Sweating can be a sign for many things: Physical activity, stress, fear, anger, living through an Australian summer. Sometimes it’s because you’ve just eaten spicy foods, or because you’ve drunk alcohol. Or maybe you’ve got a crush on someone, and your palms are slicking right up. Or you’re Eminem, rapping Lose Yourself.
Well now, your sweat can detect whether or not you’re suffering from burnout. Engineers, at EPFL’s Nanoelectronic Devices Laboratory (Nanolab) and Xsensio, have developed a wearable system that can measure the concentration of cortisol in human sweat.
It’s essentially a wearable smart patch that has a miniaturised sensor. The sensor captures the hormone, the device then detects the charge and consequently is able to measure the cortisol concentration in the wearer’s sweat.
As for cortisol? Essentially, it’s a hormone that released as a response to stress — it instructs our bodies to direct energy to our brain, muscles and heart when we’re in a stressful situation. According to Adrian Ionescu, head of Nanolab, “If the body makes too much or not enough cortisol, that can seriously damage an individual’s health, potentially leading to obesity, cardiovascular disease, depression or burnout.”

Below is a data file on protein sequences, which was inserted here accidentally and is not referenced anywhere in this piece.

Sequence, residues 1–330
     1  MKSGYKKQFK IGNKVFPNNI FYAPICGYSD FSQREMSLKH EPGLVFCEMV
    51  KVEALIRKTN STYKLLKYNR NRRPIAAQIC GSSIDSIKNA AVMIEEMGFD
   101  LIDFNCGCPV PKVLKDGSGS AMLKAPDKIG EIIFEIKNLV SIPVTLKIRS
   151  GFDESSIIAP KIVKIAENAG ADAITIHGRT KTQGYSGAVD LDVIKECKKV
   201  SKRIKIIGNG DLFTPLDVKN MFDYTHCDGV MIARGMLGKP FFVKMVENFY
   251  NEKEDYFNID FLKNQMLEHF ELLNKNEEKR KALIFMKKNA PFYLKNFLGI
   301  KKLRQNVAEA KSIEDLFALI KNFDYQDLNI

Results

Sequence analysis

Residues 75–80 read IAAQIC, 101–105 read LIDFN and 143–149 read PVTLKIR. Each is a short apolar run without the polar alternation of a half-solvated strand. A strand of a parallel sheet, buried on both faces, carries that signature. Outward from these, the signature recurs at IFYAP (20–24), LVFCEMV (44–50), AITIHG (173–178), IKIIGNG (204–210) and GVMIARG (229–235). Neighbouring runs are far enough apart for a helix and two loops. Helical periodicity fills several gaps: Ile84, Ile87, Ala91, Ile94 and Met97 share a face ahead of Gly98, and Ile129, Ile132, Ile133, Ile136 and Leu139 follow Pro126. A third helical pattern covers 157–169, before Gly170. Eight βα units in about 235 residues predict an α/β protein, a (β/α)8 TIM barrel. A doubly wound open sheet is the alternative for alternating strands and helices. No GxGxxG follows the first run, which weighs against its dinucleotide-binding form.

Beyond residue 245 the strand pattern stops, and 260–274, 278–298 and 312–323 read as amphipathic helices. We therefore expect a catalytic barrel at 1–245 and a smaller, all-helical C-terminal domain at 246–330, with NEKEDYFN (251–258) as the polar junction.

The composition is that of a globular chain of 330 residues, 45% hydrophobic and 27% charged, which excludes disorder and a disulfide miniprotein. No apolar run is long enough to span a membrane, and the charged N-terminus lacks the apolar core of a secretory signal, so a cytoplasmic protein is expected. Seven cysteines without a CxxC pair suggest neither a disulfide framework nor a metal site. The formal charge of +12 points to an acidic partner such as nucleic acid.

The reason this is such a big deal? Well, it’s the first of its kind. No other system has been developed that continuously monitors cortisol concentrations continuously throughout the circadian cycle.
Burnout is also currently assessed based on subjective self-reports, whereas this device “can help doctors objectively quantify whether a patient is suffering from depression or burnout and whether treatment is effective,” said Ionescu. They’d also have this information in real-time.
“Because it can be worn, scientists can collect quantitative, objective data on certain stress-related diseases. And they can do so in a non-invasive, precise and instantaneous manner over the full range of cortisol concentrations in human sweat,” he said.